So, the five behaviours. Number one, tug. Tug when I say, and then you're going to disengage from me
and then tug again. All right. Number two, ItsYerChoice with food. And I start with the food up high and
then go all the way down so I can have the food on the ground, and I can do tug and the food on the
ground at the same time. Number three, I'm shaping the sit by creating a dog who has to make
choices. When I'm tugging, as soon as I become passive, disengage from the toy and go into a sit and
that creates a new game of tug. So, it’s a tug-sit-tug game.
Right. So, the dog is learning. Even though I might not want to disengage from the tug, I know it leads
to an opportunity to play more tug with you in a way that creates more like I'm more fun. So, when I
become passive, I don't talk to the dog, I don’t say anything. But they want me to go, “Yeah! get it, get
it, get it!” and have fun and smack a baby and pat them and engage with them and have fun with them.
But as soon as I become passive, they're like, “well, how can I get that person to be more fun?”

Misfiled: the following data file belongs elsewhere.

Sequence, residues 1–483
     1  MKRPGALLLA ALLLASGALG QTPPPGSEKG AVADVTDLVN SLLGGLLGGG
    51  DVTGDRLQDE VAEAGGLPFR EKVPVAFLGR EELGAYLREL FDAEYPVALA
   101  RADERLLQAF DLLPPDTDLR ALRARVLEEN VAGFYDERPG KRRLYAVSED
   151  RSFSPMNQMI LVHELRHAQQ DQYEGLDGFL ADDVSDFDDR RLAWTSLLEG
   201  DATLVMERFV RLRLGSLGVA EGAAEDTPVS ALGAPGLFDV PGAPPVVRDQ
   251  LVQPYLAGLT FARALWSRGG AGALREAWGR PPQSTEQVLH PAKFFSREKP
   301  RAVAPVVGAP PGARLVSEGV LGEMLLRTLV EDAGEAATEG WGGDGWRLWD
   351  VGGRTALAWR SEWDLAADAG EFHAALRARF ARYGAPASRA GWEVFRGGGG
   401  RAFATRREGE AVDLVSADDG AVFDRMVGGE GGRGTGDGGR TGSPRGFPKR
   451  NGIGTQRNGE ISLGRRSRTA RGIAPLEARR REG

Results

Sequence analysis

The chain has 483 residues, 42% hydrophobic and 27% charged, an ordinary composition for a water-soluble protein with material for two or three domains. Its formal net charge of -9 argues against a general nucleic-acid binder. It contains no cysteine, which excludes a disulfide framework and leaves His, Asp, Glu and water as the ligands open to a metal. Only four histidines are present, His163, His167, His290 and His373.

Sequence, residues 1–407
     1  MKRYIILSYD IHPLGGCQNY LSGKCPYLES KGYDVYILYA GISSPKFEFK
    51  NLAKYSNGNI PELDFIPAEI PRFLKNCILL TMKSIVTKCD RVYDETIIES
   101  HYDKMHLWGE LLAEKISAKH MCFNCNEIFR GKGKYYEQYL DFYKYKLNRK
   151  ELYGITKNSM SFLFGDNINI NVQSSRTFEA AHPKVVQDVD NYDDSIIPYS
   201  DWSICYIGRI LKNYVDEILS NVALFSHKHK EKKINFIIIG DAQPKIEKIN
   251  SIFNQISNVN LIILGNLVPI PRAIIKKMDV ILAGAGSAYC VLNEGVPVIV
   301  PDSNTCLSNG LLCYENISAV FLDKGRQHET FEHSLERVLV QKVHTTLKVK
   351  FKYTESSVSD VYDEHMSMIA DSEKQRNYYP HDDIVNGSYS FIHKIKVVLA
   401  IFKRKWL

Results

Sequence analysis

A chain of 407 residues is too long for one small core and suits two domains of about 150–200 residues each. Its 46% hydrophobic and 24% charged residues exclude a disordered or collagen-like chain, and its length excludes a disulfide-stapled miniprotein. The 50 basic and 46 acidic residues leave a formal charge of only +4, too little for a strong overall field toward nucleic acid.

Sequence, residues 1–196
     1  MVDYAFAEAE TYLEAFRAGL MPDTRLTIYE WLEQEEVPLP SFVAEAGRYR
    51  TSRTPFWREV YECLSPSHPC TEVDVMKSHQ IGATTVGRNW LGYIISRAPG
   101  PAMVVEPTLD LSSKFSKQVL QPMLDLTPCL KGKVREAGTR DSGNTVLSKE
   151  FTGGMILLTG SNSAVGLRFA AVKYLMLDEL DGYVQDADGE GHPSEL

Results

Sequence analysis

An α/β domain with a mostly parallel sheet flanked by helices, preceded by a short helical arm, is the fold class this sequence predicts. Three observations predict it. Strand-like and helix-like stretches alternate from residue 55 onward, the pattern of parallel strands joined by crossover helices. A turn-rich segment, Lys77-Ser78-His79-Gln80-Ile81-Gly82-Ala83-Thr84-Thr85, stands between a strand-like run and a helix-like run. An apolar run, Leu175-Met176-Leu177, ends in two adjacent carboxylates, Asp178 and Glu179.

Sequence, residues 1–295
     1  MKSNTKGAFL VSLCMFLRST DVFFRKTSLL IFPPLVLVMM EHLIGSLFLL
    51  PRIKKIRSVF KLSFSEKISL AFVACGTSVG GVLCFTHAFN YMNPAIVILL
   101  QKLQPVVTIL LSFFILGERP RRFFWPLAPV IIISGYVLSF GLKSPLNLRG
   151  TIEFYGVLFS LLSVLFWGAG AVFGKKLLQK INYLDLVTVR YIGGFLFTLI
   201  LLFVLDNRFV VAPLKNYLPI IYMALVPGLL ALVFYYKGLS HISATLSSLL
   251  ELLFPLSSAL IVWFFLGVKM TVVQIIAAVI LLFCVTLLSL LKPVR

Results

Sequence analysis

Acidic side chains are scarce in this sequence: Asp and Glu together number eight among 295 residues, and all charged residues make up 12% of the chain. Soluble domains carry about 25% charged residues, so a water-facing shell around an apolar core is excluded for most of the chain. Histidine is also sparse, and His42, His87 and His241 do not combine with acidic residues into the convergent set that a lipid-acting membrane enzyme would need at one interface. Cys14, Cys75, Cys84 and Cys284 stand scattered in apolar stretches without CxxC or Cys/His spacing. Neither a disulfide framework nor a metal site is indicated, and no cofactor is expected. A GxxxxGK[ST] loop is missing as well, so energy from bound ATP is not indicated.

“I'll go into a sit and then she says tug again, and then we have lots of fun again.” So, they're learning
that instead of having a foundation of “Give me, give me, give me. I want that food. I'm going to grab it.
I want that tug. I'm going to grab it.” The brain is shifting in that dog and it's going to, “How can I earn
what I want from you? Ooh, I like, I'm going to look at you really intently because I don't have to try and
steal from you. I don't have to try and outwit you. I don't have to try and be sneaky with you. Because
you are fair, and you set up obvious criteria for me to be successful.” And that's how we have a dog
that's starting to learn.
So, then I go to Crate Games. Because all the elements above create a dog who easily can learn Crate
Games and finally, I do Hand Targets, which is a building foundation for many, many other behaviours.